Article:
Read 100 Best Sellers books
Black Magic Sanction: Page 104
Unlimited reading from over 1 million ebooks
He glanced at my arms, held behind my back, and I wondered which had scared him more, that I might know a curse to boil his blood, or that I got out of a pair of charmed handcuffs.
"It won't ever be said that the coven wrongfully denied an accused witch due process," he said sullenly. "I will accompany her to the FIB to be sure that she doesn't escape, but she may officially enter the FIB's custody."
Someone in the crowd actually cheered, and relief took the strength from my knees. I would have fallen if Glenn hadn't caught my arm, and, as the crowd became noisy, he escorted me down the stairs to a waiting FIB car, Oliver lagging behind. Everyday people wanting to know about the fog pressed close, and Glenn had to force his way through. I felt small beside him, and damn it if a tear didn't well up. I'd done it. No, wed done it.
Head high, I placed each bare foot precisely, looking neither to the right or left as I crossed Fountain Square. I might be wearing nothing but an I.S. coat and six weeks' worth of hair on my legs, but this was my city, and I'd go to my cell with pride.
The clatter of pixy wings was almost unheard over the din and requests for answers from the press. "Way to go, Rache!" Jenks said as he joined us, flying a good two feet over my head. "Pierce says you did good. He's going to go watch my kids so I can come with you. He says you'll be okay now. You smoked them, Rache!"
"Good," I whispered. "That's good." The tear brimmed and fell, but there was only one, easily wiped away with my shoulder as Glenn opened my door and I got in, carefully so as to not let the coat ride up and show my ass. Jenks slipped in at the last moment, and the crowd became even louder as my door shut.
"Damn, Rachel," Glenn said as he got in the front and put on the lights. "When did you get your cuffs off? I didn't know you could do that."
"I can't," I whispered, not knowing what I felt anymore as I gazed through the tinted glass at the people crowding the car. I was shaky, watching them protest as I sat in peace. "Think they'll come talk to me?" This could still crash down and leave me with nothing.
Glenn chuckled, making his siren whoop twice before pulling out. "Oh yeah. They'll be there. Count on it."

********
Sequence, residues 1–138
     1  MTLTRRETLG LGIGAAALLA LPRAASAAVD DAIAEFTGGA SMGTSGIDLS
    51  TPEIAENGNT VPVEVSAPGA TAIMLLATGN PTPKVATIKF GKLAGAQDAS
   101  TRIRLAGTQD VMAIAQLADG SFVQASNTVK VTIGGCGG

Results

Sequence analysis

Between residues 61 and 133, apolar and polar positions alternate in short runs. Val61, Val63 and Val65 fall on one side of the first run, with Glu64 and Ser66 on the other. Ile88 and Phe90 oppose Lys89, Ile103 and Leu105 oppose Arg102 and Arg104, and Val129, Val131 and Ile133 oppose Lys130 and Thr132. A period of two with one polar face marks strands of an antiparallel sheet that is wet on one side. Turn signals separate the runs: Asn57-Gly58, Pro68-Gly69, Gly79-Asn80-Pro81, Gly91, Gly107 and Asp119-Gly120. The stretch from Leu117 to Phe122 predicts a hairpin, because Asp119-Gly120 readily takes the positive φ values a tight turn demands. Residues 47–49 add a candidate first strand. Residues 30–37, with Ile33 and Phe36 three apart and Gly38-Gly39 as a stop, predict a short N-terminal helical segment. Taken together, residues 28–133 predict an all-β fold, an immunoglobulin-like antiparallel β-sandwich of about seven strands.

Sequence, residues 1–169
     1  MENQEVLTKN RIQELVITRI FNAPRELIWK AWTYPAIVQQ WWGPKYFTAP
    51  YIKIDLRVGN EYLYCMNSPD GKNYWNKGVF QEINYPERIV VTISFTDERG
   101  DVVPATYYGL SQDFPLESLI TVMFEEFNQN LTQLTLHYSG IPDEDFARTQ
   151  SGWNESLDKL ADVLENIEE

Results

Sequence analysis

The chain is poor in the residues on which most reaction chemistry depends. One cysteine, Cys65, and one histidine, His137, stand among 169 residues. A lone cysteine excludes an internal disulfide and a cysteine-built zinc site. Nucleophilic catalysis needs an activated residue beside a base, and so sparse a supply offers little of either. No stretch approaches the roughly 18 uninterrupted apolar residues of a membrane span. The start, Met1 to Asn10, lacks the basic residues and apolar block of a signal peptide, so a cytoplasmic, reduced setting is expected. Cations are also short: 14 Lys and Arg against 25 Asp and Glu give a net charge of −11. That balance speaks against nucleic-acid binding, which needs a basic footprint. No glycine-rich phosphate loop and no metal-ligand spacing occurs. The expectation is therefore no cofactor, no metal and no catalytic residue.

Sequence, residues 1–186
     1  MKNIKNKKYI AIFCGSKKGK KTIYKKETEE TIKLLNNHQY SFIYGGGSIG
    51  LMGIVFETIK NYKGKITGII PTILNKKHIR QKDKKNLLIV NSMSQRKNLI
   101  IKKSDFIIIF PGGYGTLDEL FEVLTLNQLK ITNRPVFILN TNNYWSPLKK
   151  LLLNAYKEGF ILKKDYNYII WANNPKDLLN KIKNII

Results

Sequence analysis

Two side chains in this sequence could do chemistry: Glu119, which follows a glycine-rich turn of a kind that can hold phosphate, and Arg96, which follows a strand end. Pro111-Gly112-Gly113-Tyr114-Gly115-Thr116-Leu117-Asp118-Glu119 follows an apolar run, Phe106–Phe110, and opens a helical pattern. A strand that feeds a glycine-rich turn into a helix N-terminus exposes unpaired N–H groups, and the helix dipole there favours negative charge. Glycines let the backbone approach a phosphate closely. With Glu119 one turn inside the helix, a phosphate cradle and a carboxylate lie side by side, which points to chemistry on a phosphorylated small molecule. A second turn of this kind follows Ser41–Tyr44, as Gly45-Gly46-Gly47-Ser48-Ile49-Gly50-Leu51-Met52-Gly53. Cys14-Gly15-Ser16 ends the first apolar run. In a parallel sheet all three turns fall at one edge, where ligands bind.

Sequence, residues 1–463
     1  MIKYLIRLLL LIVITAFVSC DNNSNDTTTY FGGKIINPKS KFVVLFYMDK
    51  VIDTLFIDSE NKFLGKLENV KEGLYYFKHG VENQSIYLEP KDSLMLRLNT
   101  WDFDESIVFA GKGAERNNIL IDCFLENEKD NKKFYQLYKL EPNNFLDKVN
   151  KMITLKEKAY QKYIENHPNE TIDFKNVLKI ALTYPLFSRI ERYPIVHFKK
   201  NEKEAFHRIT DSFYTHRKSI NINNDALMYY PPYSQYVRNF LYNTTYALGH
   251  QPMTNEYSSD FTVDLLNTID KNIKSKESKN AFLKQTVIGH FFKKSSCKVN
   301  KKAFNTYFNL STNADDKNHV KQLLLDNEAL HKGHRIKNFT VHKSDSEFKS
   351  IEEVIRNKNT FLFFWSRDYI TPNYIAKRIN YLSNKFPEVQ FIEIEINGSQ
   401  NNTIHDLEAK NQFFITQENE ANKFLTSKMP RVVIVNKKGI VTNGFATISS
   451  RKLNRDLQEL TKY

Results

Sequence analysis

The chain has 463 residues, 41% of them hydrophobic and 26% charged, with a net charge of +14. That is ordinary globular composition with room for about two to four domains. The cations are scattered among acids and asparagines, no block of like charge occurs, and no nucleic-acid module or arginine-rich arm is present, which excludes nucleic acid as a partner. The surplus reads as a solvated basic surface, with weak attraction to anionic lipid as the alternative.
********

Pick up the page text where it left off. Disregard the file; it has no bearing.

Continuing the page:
The scent of subgum rose from the softly steaming takeout box, filling the gray interrogation room at the FIB with the scent of steamed pea pods, sauteed mushrooms, and broccoli. My chopsticks were not the usual splintery pulpwood, but a nice set of olive wood. Apparently Glenn was a regular at whatever Asian eatery he'd placed the order. More than a regular, I'd imagine. The sticks were beautiful.
I wrangled a water chestnut into my mouth, jamming the sticks to stand straight up as I reached for the fortune cookie.
I was never one to wait. The snap of the cookie breaking was familiar, and I smiled as I read, KEEP YOUR FRIENDS CLOSE, YOUR ENEMIES CLOSER.
Eating the entire cookie at one go, I pushed back from the scarred table, crossed my ankles, and gazed at the dirty ceiling as I chewed. I was dressed now in a pair of jeans and a short-sleeved top, patterned too brightly for my liking. Flip-flops kept my toes from the tile, and I was sporting brand-new blah underwear from the lockup downstairs. None of what I was wearing was mine, but it was clean and better than an orange jumpsuit. I didn't ask what had happened to the people who used to own these clothes. Someone had my red leather jacket.
I reached for the box of takeout and I rubbed my last demon mark, sore where Pierce's charm had burned me. My eyes drifted to Trent's statue, and I reached for it. Cripes, the thing was graphic. No wonder he hid it underground.
The knock at the door startled me, and I dropped it. Scrambling, I stood it upright. It was Jenks and Glenn, and I wiped my hands on my borrowed jeans as I saw the stack of paperwork in the FIB officer's hand. "Hi, Rache," the pixy said, doing a quick circuit and landing on the tips of my chopsticks, poking out of the takeout box, to enjoy the rising heat. "Trent's here. And the coven guy. Glenn's got your papers to sign first, though."
"Thanks, Jenks. Are you sure your wings are okay?"
Making a face, he sent them humming so fast that the dust from him rose high in a pixy-made draft. "Yeah, they're fine. Bastard I.S."
Glenn was smiling when he slapped the papers down on the table. "David is still stuck on the tarmac," he said as he handed me a pen, "but he had his brother fax everything here."
Nodding in understanding, I flipped to the first flag and signed with my first name, middle initial, and last name. "This is for the trial, yes?" I asked as I found the next flag.